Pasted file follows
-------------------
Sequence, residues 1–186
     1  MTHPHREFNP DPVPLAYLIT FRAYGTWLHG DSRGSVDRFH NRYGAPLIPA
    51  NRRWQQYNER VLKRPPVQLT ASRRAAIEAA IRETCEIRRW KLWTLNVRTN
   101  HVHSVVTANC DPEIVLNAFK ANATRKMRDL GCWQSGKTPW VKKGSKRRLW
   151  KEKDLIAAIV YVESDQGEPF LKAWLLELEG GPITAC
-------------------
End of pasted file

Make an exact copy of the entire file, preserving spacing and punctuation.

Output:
Sequence, residues 1–186
     1  MTHPHREFNP DPVPLAYLIT FRAYGTWLHG DSRGSVDRFH NRYGAPLIPA
    51  NRRWQQYNER VLKRPPVQLT ASRRAAIEAA IRETCEIRRW KLWTLNVRTN
   101  HVHSVVTANC DPEIVLNAFK ANATRKMRDL GCWQSGKTPW VKKGSKRRLW
   151  KEKDLIAAIV YVESDQGEPF LKAWLLELEG GPITAC